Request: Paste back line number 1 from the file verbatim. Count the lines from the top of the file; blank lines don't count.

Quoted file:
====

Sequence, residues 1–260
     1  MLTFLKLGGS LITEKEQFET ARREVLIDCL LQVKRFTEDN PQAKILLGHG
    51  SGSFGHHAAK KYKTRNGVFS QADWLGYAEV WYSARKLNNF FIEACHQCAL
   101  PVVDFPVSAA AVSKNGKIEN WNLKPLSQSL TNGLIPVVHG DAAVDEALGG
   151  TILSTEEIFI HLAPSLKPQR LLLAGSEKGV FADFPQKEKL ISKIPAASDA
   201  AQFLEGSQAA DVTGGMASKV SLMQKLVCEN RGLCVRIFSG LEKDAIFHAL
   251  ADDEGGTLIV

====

Sequence, residues 1–260